The Somerset Choices website is a good place to start finding out about what help is available that you can arrange yourself, for example, with your personal care, staying independent, keeping safe, staying physically and mentally well, or maintaining relationships that are important to you. It has lots of information about services, equipment and care providers in Somerset.
If you would like to talk to someone from Adult Social Care about your needs, visit your nearest Community Connect drop-in or you can phone us on 0300 123 2224. Please note, you must live in Somerset and be at least 18 years old.
An assessment includes finding out:
What difficulties you have
What you think you need or would like to achieve
The best ways of achieving these things
Who helps you now
What you can do for yourself
What things you can’t manage now, but with some support may be able to do in the future
What things you can’t manage at all
If you are eligible for financial support from us
If you would like to start thinking about the things we will talk about in your assessment, we usethis document.
Sometimes, with your permission, we may ask other professionals, such as an occupational therapist, physiotherapist or district nurse, to talk to you as well. This will give a full picture of your needs and will help you make the most informed choices. If you would like us to, we will also take into account the views of your family, carers and family doctor.
At the end of your assessment, we:
Can provide information about organisations available locally that could help you. You can then make choices and arrange the support you need.
Can consider what equipment could help you. Some we may lend you or we can tell you how to find equipment that is available for you to buy (please see our information sheet B4: How to get good advice about equipment and adaptations)
May be able to provide some short-term help to enable you to regain your independence.
If you are asking for us to help you pay for any longer-term care and support that would help you, we will be able to tell you if your level of care needs meet the national eligibility criteria.
If your care needs are eligible, we will also need to talk to you about your finances. If you have more than £23,250 in savings we won’t be able to help you. If you have less than this we will usually be able to help you pay. Using national rules, we will work out what you can afford to pay; we will then make up the difference. Please see our financial assessment information.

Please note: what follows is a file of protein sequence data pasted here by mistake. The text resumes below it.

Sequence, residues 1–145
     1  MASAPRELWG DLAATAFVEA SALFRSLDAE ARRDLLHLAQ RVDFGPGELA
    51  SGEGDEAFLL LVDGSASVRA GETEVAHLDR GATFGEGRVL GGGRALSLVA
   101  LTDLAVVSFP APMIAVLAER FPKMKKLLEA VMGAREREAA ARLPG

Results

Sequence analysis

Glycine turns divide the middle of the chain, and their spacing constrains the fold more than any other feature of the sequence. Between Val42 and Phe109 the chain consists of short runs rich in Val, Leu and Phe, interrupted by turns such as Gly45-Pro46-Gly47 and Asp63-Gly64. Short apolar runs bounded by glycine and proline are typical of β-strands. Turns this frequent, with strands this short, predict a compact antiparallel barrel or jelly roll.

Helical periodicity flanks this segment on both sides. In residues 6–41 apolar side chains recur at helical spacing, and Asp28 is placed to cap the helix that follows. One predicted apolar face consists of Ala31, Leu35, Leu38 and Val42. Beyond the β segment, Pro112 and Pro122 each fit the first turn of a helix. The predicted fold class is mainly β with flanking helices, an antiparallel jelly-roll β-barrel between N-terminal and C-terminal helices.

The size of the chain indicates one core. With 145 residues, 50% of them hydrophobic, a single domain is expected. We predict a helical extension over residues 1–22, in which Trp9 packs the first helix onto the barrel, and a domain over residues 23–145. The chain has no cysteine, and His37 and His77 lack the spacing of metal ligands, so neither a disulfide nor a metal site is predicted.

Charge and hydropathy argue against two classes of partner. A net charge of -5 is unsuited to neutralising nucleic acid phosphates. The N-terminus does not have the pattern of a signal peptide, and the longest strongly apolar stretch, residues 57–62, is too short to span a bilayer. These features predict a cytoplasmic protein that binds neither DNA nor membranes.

Sometimes you may need help that we don’t provide, we will give you information about how you can arrange these services for yourself.
For things that we agree to support you with we will work out your personal budget, you can then choose how to spend your personal budget to achieve the things we’ve agreed in your support plan.
For more information about a care and support assessment, please see our information sheet A4 Your care and support assessment
Care and support plan
If we agree to help pay for your care and support, your care and support plan will list the things you want to achieve (often called 'outcomes'). It will show the things you will arrange yourself, or ask someone to do for you for each outcome. It will also list any money, services or equipment we have agreed to provide for you.
We will send you a copy and, with your permission, send one to the people or organisations helping you, so they understand the help you need and what you want to achieve.
We will review your care and support plan regularly. You can ask us to review it at any time.
What is a review or reassessment?
Someone will contact you to arrange a convenient date to talk with you, and anyone who helps you, to check that what we agreed in your care and support plan is working. This is called a review.
The review must include your views and may also include the views of your family or carers. The people providing your care and support may also be included.
At the review we will agree any changes to the amount of money, support or equipment you need. We expect this to reduce as you regain your independence and have support from family and friends, but this may not be possible for everyone.